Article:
Opting For Potential

On July 1st, Canadians get the day off to celebrate the birthday of their country. The hockey fans living south of the border also get the day off for their “24-hour illnesses” so they can take part in free agent frenzy. Starting at noon, all expiring contracts finish and several players become unrestricted free agents. Of the masses, there are always a handful that are more watched than the rest. They have the most talent, the most prestige, and the most promise. Often they have the pick of the lot and choose a contending team that has a successful recent track record of making the playoffs. Somebody must have forgotten to inform the stars that they can sign with teams that made the playoffs last season, because many uncharacteristically opted not to.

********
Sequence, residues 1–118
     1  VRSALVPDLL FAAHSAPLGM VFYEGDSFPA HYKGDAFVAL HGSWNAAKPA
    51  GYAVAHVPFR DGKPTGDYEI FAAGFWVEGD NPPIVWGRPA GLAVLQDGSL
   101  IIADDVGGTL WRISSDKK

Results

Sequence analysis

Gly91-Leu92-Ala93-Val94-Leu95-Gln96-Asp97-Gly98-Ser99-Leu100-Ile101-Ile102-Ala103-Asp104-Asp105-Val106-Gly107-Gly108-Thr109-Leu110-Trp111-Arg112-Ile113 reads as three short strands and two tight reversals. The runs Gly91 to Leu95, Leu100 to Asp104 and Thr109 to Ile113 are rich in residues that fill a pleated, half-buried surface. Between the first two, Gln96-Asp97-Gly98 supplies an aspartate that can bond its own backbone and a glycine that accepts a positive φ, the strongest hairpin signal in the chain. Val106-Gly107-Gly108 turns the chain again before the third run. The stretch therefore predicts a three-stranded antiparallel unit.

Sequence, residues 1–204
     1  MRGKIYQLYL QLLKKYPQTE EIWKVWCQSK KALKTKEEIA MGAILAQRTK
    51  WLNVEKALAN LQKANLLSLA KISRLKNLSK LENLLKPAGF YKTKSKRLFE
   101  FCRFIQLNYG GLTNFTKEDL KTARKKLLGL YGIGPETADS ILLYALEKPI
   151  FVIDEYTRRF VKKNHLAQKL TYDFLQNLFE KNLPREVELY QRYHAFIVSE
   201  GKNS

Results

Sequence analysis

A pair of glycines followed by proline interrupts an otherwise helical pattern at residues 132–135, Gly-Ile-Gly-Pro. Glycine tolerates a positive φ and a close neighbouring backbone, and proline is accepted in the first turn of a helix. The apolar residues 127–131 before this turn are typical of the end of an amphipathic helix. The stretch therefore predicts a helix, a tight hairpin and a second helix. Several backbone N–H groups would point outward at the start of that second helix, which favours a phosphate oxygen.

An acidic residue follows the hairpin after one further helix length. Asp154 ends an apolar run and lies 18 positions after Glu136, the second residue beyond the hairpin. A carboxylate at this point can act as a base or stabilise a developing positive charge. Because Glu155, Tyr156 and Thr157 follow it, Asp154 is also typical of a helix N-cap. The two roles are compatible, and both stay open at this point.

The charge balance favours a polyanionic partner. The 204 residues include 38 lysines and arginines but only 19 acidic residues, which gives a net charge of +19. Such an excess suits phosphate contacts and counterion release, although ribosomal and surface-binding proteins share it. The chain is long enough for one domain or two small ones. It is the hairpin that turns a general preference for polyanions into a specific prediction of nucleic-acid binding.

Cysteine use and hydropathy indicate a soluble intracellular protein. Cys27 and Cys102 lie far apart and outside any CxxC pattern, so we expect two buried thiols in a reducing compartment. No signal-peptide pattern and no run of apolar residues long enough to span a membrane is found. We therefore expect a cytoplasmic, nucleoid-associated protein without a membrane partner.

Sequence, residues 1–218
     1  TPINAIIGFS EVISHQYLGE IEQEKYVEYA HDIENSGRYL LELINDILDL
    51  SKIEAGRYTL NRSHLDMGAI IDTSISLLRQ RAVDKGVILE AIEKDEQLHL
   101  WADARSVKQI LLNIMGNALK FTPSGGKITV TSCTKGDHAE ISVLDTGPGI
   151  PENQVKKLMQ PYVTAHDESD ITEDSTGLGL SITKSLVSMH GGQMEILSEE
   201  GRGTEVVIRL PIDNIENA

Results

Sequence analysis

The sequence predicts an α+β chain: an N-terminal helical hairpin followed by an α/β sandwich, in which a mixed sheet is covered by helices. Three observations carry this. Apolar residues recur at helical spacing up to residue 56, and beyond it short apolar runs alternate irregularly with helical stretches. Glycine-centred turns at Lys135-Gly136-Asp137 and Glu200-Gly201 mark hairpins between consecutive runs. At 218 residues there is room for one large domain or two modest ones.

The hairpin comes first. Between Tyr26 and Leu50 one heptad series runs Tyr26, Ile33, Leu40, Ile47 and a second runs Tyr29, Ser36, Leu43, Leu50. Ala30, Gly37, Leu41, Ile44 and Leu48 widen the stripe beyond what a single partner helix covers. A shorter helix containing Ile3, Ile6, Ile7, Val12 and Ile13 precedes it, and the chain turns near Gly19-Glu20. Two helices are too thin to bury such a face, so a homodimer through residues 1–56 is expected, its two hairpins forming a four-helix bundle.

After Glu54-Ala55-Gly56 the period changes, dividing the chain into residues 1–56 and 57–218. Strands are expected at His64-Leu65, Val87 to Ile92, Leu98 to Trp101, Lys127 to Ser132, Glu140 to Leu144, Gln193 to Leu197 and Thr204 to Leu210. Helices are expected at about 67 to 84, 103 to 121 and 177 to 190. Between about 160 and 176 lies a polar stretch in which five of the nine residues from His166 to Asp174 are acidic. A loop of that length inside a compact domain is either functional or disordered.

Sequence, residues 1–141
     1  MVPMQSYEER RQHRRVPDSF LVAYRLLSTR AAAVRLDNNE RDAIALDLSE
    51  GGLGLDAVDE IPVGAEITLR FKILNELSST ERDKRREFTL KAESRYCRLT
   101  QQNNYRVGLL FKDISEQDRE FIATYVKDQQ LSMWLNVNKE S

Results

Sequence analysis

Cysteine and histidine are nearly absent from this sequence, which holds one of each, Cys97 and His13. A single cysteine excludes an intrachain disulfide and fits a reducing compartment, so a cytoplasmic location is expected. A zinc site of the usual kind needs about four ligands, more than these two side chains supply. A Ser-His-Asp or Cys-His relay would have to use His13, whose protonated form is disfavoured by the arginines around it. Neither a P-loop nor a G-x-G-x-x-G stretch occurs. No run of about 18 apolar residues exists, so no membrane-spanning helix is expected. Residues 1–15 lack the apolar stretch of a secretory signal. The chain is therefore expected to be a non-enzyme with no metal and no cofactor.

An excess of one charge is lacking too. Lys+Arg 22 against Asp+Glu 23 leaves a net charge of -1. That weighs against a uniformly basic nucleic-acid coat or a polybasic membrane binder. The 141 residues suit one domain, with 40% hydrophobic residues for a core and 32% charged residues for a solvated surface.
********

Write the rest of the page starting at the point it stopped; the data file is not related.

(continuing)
Semin at Verizon Center (Kelly J. Stoner/Flickr)

The most notable unrestricted free agents, Ryan Suter and Zach Parise, signed with the Minnesota Wild. Alexander Semin chose to play with the Carolina Hurricanes. Veterans Jaromir Jagr and Ray Whitney headed to Dallas. P.A. Parenteau moved west to the Colorado Avalanche. Sheldon Souray and Bryan Allen went to Anaheim. Prized prospect Justin Schultz decided to choose the Edmonton Oilers as his team. Jiri Hudler to Calgary, Olli Jokinen to Winnipeg, Brandon Prust to Montreal, Brad Boyes to the Isalnders, Sami Salo and Matt Carle to Tampa. The list goes on and on. All of these teams have potential to be great franchises and make the big dance this (scheduled) season, but it’s very odd to see the biggest names on the market to do so.

Avoiding the Rush